The wheel deal

GJ selected to host USA Cycling Collegiate Road National Championships in 2017, '18

Riders race down Main Street in Grand Junction during the 2015 Maverick Classic criterium in April, one of three races during the three-day event. The Greater Grand Junction Sports Commission announced Wednesday that the city was selected to host the USA Cycling Collegiate Road National Championships in 2017 and 2018.



The success of the Spencer Oswald, front, and the Colorado Mesa cycling team was a big reason Grand Junction was chosen to host the Collegiate Road National Championships in 2017 and 2018, said Micah Rice from USA Cycling.



Micah Rice had plenty of sales pitches thrown his way when it came to finding a new home for the USA Cycling Collegiate Road National Championships. In the end, the Grand Valley sold itself.

“The history of cycling there in Grand Junction is outstanding,” said Rice, the vice president for national events with USA Cycling. “That, among other things, played a big part in this.”

The Greater Grand Junction Sports Commission announced Wednesday that USA Cycling had awarded the national-championship event to Grand Junction for 2017 and 2018. It replaces the current event host of Asheville, North Carolina, which will host the 2016 national championships in May.

The race quickly becomes the top competitive event in an area that campaigned hard to be the overall start of the 2016 USA Pro Challenge. Other annual cycling events in the Grand Valley include the 2,000-rider Tour of the Moon ride and the Maverick Classic, which is organized and run by Colorado Mesa University’s cycling team. In years past, stages of the Coors Classic bike race were held on Colorado National Monument.

Ironically, Grand Junction City Council in November gave the go-ahead to support hosting the opening stage of the week-long Pro Challenge while Rice was in the area listening to sales pitches geared toward the Grand Valley hosting the national championships. That led some, including sports commission director Jennifer Stoll, to believe the timing of that decision regarding the Pro Challenge may have influenced the decision-making process of USA Cycling.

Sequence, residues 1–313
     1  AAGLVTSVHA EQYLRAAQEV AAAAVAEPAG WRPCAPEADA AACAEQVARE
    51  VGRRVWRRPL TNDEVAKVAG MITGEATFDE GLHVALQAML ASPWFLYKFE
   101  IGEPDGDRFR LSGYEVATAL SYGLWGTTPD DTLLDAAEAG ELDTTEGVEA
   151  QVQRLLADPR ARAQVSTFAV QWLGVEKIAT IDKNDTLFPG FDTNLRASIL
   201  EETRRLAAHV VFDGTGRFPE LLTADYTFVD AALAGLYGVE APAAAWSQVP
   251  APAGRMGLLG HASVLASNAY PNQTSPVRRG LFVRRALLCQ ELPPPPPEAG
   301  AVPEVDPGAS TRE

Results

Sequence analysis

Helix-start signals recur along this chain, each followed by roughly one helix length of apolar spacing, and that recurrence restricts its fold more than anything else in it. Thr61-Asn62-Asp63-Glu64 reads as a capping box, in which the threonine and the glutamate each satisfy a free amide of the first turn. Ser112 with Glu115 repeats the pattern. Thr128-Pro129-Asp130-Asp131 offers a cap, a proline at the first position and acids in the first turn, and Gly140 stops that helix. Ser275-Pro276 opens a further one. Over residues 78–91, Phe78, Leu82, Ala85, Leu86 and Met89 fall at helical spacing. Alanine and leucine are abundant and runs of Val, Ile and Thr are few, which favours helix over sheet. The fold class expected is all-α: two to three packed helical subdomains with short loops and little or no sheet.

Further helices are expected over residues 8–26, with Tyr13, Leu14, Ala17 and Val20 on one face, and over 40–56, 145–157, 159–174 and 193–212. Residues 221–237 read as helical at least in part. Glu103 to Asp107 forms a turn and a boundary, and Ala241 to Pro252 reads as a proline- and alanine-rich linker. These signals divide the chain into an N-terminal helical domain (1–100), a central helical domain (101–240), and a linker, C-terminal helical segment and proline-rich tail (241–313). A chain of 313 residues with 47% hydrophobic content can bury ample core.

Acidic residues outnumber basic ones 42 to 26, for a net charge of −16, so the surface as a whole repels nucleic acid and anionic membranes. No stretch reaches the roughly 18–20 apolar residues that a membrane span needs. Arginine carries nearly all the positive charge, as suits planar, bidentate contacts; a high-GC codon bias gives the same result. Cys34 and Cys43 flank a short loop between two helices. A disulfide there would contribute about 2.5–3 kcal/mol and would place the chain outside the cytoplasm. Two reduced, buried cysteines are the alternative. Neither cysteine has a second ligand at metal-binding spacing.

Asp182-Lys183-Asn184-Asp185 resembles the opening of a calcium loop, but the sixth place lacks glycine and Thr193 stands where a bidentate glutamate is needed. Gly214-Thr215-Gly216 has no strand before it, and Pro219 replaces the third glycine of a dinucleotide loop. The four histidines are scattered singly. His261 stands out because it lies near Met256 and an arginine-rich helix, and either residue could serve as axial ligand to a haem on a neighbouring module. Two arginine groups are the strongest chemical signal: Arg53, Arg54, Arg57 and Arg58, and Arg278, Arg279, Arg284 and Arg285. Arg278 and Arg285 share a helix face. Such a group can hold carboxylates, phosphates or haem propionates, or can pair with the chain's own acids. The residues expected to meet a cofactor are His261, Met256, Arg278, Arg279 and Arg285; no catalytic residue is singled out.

Not so, Rice said.

“It was good to hear about that and be part of those conversations, but I really don’t think it influenced the decision, because it probably still would have ended up in Grand Junction,” Rice said. “Compared to other places ... Grand Junction really stood out on its own.”

The Grand Valley was among six finalists to host the event, for which USA Cycling put out a request for bids this past summer. Grand Junction was chosen, Rice said, ahead of Bend, Oregon; Missoula, Montana; Tucson, Arizona; and Wichita Falls, Texas, among others.

Stoll hopes Grand Junction can host the national championships longer than two years.

“I think this puts the area on a national platform with us hosting a national-championship event like this,” she said. “My hope is to form a long-standing partnership with USA Cycling and keep this here for the 2019-20 cycle, also.”

Stoll said the event, which takes place annually in early May, draws an estimated 300 to 400 of the top Division I and II cyclists in the United States. She and Rice also said the caliber of Mesa’s cycling team — ranked third in the nation on USA Cycling’s most recent overall omnium report for both divisions — also played a part in the decision.

“We want a quality college team to host this,” Rice said.

The event will have three days of competition. A criterium will highlight the first day, followed by a road race on the second day and team and individual time trials on the final day. Stoll said the organizing committee, which included CMU, the city of Fruita and Mesa County, has mapped out six possible race courses that go into Fruita, Palisade, Whitewater, Glade Park and even downtown Grand Junction.

Mike Bennett, Fruita’s city manager, said one of the proposed road-race stages goes through Fruita.

“I think large national events like this draw a lot of people to our area,” Bennett said. “This gives people who wouldn’t normally come here a chance to see our outdoor quality of life.”


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